Lowash first full calendar forward contract Price (USD/mt basis 6000 NAR): “lowash cal”.

Spot foreign exchange rate for Australian Dollars to US Dollars: “AUD/USD”.
The lowash and highash coal markets will and have rarely ever inverted i.e. the price for low ash coal is always greater than highash coal. This is as a result of the ability for the market to arbitrage if the spread was ever inverted: buying lowash and delivering into highash coal contracts. As a result, rather than model using a typical spread option, which allows for prices to invert, we model the markets as a high ash coal price, and generate a lowash coal price by adding an always positive differential that behaves stochastically: the low ash diff.
Whilst there are financial options traded in the coal market, few are ever spread options and liquidity can be poor for vanilla options. We therefore do not have implied volatilies and correlation between any of the assets, rather we use conservative estimates based on historical returns.
Data analysis
The historical volatilities of the spot contracts with a rolling window of 50 trading days are shown below. In Fig. 1 each chart shows that the volatility behaves stochastically, and can exhibit significant step changes.
The historical correlation between the spot contracts with a rolling window of 50 trading days are shown in Fig. 2. The correlations for each relationship would appear to have noise and/or follow a stochastic process.
For each asset, the returns exhibit fat tails of varying degrees and this is shown in Fig. 3. This is comparable to other commodity markets.
The historical kurtosis of the returns with a rolling window of 50 trading days is shown in Fig. 4. It is broadly consistent to the QQ plots with distinct periods of high kurtosis at various places in time for each of the assets.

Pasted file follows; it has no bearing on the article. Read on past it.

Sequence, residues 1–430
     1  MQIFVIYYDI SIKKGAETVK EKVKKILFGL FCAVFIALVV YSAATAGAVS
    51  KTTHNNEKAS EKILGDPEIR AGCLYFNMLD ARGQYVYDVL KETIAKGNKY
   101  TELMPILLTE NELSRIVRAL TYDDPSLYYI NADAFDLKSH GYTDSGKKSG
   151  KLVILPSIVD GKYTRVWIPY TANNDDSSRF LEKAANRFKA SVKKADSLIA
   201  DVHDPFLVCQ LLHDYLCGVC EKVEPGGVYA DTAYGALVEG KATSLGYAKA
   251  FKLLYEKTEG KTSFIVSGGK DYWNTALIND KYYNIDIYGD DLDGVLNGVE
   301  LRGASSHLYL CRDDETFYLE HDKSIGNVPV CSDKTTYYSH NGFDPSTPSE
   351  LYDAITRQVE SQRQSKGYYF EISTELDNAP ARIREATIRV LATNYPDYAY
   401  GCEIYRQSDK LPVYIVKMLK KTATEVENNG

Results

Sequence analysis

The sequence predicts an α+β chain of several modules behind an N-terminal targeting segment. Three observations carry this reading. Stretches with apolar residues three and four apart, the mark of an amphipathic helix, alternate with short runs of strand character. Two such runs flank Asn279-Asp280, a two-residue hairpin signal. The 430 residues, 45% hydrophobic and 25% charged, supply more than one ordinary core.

Model parameters
In this section we discuss a methodology of obtaining model parameters. We estimate the volatility and correlations parameters from historical data.^{Footnote 9} We are only left with instantaneous volatility CIR model parameters that are unknown. Our approach is to estimate these unknown parameters through moment matching, i.e., we impose that the Kurtosis of the instantaneous volatility process must be the same as the Kurtosis of the differential of the low ash and high ash.
The Kurtosis^{Footnote 10} of the volatility process is computed as in Jafari and Abbasian (2017) and also given in Eq. (31).
where
Table 1 depicts model parameters that will be used in “Empirical analysis” section to price spread options. In Table 2, we give correlations among modeling variables.
Empirical analysis
A series of montecarlo simulations have been run with different wash plant yields. The initial market prices have been taken from times during the last 15 years where the options started off as OTM. The mean undiscounted option premiums in USD/mt for each yield are in Table 3 below:
In Table 4 and Fig. 5, we compare the semianalytical solution with the Monte Carlo simulations. We ran 1 million simulations over 1000 time steps. Results are very close, justifying the correctness of the implementation of the closedform solution. Looking at Fig. 5, the bounds are very tight and one can observe that the semianalytical price is within the 95% confident level of Monte Carlo bound. For semianalytical method, we chose \(\alpha _1=0.65, \alpha _2=1.4, \alpha _3=0.25\).^{Footnote 11} Next, in Fig. 6 we investigate the effect of the correlation between the forward prices and the instantaneous stochastic volatility, and these correlation have impacts on option prices. Finally, in Fig. 7 we show the distribution of the Monte Carlo payoff for the spread option. As the time to expiry increases the payoff becomes asymptotically normal distributed.
Conclusion
The key findings show that an application of Real Option Analysis, with consideration of the stochastic nature of coal prices suggests that there is significant value that can be monetised from the washplant/bypass asset flexibility of between almost 1 USD to over 9 USD for each ROM tonne. See Table 3 above.